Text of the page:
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This is a linear first-order differential equation for W. Integrate this to obtain with k constant.
This is impossible if x2 and x3 are solutions of equation 2. We conclude that these functions are not solutions of equation 2. It is routine to verify that y1 x and y2 x are solutions of the differential equation. However, to write the differential equation in the standard form of equation 2. But then the Wronskian of these functions vanishes at 0, and these solu- tions must be independent.
But the function that is identically zero on I is also a solution of this initial value problem.
In each of Problems 11—20 the solution is found by finding a general solution of the differential equation and then using the initial conditions to find the particular solution of the initial value problem. Choose c1 and c2 to satisfy: This can be seen by inspection or by finding the general solution of the differential equation and then solving for the constants to satisfy the initial conditions.
There are three cases. Details are included for Problems 7 and 8, and solutions are outlined for the remainder of these problems. This attempt includes both a sine and cosine term even though f x has only a cosine term, because both terms may be needed to find a particular solution.
Finding a particular solution yp x for this problem requires some care. This will work because neither e2x nor e3x is a solution of the associated homogeneous equation. Try 1 e2x 3 1 e3x. In Problems 17—24 the strategy is to first find a general solution of the dif- ferential equation, then solve for the constants to find a solution satisfying the initial conditions. Problems 17—22 are well suited to the use of undetermined co- efficients, while Problems 23 and 24 can be solved fairly directly using variation of parameters.
This is a constant coefficient second-order homogeneous differential equa- tion for Y t , which we know how to solve. We obtain the solution in all cases by solving this linear constant coefficient second-order equation. We know how to solve this problem.
However, also transform the initial conditions: The new twist here is that the entire initial value problem including initial conditions was transformed in terms of t and solved for Y t , then this solution Y t in terms of t was transformed back to the solution y x in terms of x. These solutions are consistent with the observation that, upon division by 4, the differential equation is an Euler equation.
Sums of pairs of dice, Problem 1, Section 2. The standard deviation is If we roll two dice, there are thirty-six possible outcomes. The sums of the numbers that can come up on the two dice are listed in Table 1. The table gives all of the values that X o can take on, over all outcomes o of the experiment. Each value is listed as often as it occurs as a value of X. This is interpreted to mean that, on average, we expect to come up with a seven if we roll two dice.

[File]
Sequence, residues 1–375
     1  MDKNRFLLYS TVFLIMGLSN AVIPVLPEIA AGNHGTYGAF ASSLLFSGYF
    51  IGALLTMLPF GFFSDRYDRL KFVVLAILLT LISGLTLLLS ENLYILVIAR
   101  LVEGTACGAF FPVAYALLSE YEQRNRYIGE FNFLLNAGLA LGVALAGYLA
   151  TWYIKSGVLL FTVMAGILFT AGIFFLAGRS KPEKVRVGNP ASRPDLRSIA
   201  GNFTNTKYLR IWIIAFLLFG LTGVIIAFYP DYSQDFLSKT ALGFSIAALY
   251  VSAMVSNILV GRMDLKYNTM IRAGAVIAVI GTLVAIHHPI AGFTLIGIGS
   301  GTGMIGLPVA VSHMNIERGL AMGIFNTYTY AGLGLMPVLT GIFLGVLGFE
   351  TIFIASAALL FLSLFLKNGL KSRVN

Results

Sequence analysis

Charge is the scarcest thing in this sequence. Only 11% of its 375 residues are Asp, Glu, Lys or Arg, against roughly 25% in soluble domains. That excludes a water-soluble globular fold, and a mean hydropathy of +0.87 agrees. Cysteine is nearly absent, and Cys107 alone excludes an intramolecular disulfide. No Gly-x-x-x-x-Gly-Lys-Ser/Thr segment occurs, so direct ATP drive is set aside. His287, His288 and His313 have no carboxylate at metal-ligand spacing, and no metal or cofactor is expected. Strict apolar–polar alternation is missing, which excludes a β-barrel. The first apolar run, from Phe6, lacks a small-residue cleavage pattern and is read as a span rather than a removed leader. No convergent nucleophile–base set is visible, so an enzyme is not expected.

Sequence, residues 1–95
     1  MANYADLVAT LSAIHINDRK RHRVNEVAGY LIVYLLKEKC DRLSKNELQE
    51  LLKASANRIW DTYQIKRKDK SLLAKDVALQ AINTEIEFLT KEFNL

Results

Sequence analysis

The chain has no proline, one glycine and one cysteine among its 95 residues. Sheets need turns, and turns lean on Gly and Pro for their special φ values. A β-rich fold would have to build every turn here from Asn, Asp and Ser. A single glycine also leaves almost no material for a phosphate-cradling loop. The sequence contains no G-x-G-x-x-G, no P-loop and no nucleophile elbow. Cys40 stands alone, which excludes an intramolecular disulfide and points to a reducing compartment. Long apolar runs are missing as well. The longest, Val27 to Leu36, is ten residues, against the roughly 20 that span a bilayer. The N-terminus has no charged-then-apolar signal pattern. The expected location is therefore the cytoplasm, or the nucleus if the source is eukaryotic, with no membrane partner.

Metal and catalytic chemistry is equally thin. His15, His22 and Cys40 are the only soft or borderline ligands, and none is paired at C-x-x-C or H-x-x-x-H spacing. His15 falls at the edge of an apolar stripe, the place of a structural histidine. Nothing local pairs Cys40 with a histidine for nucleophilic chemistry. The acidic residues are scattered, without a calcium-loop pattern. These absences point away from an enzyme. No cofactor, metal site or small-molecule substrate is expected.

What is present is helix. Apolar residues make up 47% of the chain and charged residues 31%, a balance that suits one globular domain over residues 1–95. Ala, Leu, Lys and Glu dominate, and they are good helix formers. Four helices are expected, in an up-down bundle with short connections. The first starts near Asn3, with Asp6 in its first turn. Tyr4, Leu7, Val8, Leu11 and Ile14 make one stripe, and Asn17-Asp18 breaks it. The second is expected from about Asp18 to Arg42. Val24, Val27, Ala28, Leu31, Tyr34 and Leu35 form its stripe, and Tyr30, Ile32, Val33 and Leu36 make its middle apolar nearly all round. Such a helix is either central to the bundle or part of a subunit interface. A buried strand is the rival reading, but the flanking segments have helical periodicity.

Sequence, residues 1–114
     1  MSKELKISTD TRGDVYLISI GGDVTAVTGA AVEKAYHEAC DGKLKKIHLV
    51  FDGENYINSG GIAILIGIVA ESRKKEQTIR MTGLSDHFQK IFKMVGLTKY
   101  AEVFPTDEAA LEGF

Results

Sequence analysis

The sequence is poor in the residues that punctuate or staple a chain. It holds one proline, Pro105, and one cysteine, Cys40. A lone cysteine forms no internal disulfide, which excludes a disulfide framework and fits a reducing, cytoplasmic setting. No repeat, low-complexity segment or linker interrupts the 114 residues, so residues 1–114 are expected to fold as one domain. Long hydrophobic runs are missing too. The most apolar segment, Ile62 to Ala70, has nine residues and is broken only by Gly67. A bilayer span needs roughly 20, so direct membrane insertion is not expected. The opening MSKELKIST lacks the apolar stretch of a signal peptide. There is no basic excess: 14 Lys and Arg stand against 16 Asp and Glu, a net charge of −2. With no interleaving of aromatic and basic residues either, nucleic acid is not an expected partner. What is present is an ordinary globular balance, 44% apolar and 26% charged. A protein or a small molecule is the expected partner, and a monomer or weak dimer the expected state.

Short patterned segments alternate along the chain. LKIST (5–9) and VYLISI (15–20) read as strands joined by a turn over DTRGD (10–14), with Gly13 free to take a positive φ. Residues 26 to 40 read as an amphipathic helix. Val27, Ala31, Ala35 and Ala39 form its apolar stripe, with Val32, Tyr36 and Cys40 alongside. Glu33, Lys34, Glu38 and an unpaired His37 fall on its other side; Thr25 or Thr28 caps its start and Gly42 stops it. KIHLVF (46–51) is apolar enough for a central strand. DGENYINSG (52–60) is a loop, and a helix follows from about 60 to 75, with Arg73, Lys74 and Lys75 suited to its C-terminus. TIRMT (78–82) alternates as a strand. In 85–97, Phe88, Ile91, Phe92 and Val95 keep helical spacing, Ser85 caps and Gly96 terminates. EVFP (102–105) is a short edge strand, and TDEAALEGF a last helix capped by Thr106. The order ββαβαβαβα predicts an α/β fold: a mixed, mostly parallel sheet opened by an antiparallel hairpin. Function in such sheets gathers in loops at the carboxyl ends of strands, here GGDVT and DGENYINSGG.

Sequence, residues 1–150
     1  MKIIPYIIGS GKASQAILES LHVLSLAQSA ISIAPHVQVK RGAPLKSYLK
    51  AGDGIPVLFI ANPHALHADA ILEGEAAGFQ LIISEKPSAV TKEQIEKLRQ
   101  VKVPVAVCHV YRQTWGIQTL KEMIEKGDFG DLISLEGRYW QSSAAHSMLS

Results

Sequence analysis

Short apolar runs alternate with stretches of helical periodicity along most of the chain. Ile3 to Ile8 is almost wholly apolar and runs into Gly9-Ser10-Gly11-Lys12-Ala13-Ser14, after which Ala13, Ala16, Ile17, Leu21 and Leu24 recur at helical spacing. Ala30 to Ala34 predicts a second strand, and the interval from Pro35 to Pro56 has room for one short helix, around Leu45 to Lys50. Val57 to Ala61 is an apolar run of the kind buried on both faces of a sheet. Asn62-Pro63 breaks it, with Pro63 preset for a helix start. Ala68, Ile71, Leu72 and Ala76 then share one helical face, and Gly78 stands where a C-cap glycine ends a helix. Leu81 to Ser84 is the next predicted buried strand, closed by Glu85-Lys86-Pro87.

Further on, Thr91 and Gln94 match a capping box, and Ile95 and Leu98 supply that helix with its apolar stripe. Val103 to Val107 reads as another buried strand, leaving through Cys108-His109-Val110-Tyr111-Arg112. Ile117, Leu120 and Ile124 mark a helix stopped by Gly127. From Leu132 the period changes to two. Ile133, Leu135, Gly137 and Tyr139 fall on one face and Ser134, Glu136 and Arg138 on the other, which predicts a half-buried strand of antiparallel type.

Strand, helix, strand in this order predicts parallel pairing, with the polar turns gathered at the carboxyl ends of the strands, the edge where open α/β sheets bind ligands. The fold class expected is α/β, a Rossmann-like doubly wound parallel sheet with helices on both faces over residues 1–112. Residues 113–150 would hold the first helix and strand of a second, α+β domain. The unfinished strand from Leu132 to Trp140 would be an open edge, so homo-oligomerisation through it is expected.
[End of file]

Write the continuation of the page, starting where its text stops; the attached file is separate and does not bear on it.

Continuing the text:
This is a reasonable expectation in view of the fact that there are more ways to roll 7 than any other sum with two dice. Flip four coins, with sixteen possible outcomes. If o is an outcome, X o can have only two values, namely 1 if two, three, or four tails are in o, or 3 otherwise one tail or no tails in o. The values assumed by X are 0, 1, 2, 3, 4. These are the probabilities of the values of the random variable X.
Outcomes of rolling two dice, Problem 4, Section 2. The outcomes of two rolls of the dice are displayed in Table 2. There are 52 C2 ways to do this, disregarding order. If o is an outcome in which both cards are numbered, then X o equals the sum of the numbers on the cards. Section 3 The Binomial and Poisson Distributions 1. Now the outcomes have the appearance x, y, T , where x and y can independently be 2, 4 or 6.
The fact that these are letters of the alphabet that we are arranging in order is irrelevant. The issue is that there are nine distinct objects. The number of arrangements is 9! There are 26 letters in the English slphabet.
The problem is one of deter- mining the number of ways of choosing 17 objects from 26 objects, with order taken into account. The total number of codes is 99 , or 3.
These 7 symbols have 7! The number of ways of doing this is 5! For n! There are 12! There are 10 letters from a through l, inclusive. There are 7! We want to pick 7 objects from 25, taking order into account. The number of ways to do this is 25! The number of ballots is 16! Because order is important, the number of possibilities is 22! There are 19! This is reasonable from a common sense point of view, since, with 20 number to choose from, we would expect 5 percent to begin with any particular one of the numbers.
The answer is that 5 percent of the choices ends in 9. There are 18 such choices. Without order and, we assume, without replacement , the number of ten card hands is 52! Disregarding order, the number of nine man lineups that can be formed from a seventeen person roster is 17! The number of combinations is 20!
The number of ways this can happen, by the multiplication principle, is 4!
If none of the two cards is drawn from these sixteen cards, then the two cards are drawn from the remaining 36 cards. The number of ways of choosing four letters from 26 letters, with order, is 26!
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